Archive For
2:09 am

Monday, 4/30/18

Remembering William Nack

Can the Placebo Effect Enhance Athletic Performance?

Register Guard story on Justin Gallegos

What Muir Really Meant by ‘the Mountains Are Calling’

NYT reviews Varina

Bruce Tulloh, barefoot champion of the 1960s, dies

SCV Hurdles: Foothill League Finals – Hurdle Preview

Alex Hutchinson: Training Makes Runners More Efficient, but Not Cyclists

5 things to do to live 10 years longer.

Calculate your BMI

Weekend, 4/28-29/18

Farewell, Old Hayward Field. …The Eugenians we talk to, who actually run and race, are ready to move on, anxious to see the new structure up and open for business.

Most podcasts are unfocused, rambling, and to be avoided. But when Magness, Hutchinson, and Marcus get together… Listen. …And then, fercryinoutloud, read Endure and Peak Performance.

How Strenuous Exercise Affects Our Immune System

Just finished Charles Frazier’s Varina. Almost as good as Cold Mountain.

Penn Relays today on the tube, 9:30 AM to noon, PST, NBCSN.

Jen Miller/NYT: Yes, You Can Take Walk Breaks, etc.

Skyler Mikesell, captain of The Master University’s Men’s Track & Field team, tells his story. Video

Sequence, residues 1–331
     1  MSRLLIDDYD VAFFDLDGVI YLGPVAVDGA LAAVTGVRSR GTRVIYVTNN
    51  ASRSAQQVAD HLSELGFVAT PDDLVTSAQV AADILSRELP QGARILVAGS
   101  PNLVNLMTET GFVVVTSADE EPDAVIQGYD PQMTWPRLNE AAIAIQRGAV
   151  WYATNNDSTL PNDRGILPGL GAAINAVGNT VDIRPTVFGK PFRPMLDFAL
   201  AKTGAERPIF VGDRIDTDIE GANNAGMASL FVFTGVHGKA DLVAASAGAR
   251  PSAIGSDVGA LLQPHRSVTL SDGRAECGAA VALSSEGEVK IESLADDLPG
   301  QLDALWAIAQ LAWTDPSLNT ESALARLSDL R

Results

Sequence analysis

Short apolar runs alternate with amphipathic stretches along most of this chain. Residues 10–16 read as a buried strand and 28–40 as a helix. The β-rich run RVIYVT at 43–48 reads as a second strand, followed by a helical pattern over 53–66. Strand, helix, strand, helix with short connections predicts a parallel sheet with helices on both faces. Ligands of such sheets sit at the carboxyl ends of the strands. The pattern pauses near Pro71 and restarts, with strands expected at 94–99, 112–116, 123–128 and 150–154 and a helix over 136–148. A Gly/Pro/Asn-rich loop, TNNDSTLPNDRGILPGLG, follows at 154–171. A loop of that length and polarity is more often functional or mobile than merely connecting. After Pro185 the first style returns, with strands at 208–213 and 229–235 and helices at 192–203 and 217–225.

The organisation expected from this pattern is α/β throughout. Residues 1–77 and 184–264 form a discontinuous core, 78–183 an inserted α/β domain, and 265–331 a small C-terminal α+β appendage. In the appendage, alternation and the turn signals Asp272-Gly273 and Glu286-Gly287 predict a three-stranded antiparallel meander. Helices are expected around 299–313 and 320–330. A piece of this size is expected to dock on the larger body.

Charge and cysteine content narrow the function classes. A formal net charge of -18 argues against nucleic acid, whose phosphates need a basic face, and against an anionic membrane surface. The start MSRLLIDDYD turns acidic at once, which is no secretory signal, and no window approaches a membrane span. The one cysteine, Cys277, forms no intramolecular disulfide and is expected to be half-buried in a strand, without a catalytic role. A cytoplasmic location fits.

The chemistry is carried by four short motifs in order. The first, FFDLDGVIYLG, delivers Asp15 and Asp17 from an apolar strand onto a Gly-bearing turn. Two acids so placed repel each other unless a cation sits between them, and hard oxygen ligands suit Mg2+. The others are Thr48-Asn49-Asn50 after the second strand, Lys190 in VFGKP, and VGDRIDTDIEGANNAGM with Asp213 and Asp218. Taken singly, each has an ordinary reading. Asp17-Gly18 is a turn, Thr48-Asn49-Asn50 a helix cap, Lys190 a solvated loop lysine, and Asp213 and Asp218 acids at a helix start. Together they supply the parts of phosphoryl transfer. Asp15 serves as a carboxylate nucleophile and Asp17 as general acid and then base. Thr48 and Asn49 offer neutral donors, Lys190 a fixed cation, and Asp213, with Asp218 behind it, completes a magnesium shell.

Justin Gallegos finishes the Eugene Half Marathon in 2:03:49. Got a huge cheer at the finish. We were there, but failed to capture a decent finishing photo or find him in the crowd thereafter. Congrats, Justin!!!

Ken Goe challenges Lauren Fleshman’s (nutty) comments, and posts links to article/video on Justin Gallegos. Here.

Michael Saruni (1:43.25) sets a new NCAA 800m Record!!! Video

Friday, 4/27/18

Semi-Rad: The Gas Tank Is ¼ Full, Or ¾ Empty

Kipchoge’s track workout video.

Brad Stulberg: Do It Better

Ben Franklin’s List of 200 Synonyms for “Drunk”:

Breakinng from 2002. St Patrick’s Day 5K results …More here.

And before that. Southfork 5000. …More here.

OMG, on a tear in New Orleans, Layne Witherell – Wine Maniac!

Thursday, 4/26/18

Patrick Sang, says Eliud Kipchoge, is “the best coach in the whole world.”

Is Eliud Kipchoge the greatest marathoner of all time?

Video: Changing gears workout.

Michael Joyner on lactic acid, fatigue and recovery.

Pushing Through the Pain Cave


Emotional support animals proliferate at Yale. And soon in your favorite races.

Jonathon Marcus: Rust Never Sleeps

Wednesday, 4/25/18

Abigail Frankian and others get their NAIA qualifiers. Story

Think Biking or Walking Would Take Too Long? Think Again.

How Strenuous Exercise Affects Our Immune System

You can’t outrun a bad diet

Update on the 67 mile Backbone Trail in Southern CaliforniaI

Tuesday, 4/24/18

Alex Hutchinson: The Psychological Side of Heat Exhaustion

A hard rain’s a-gonna fall. From cowering to powering through backcountry storms. Don’s dicta. 1. In good gear, most rain is mild, tolerable, even pleasant. 2. Run in the forest.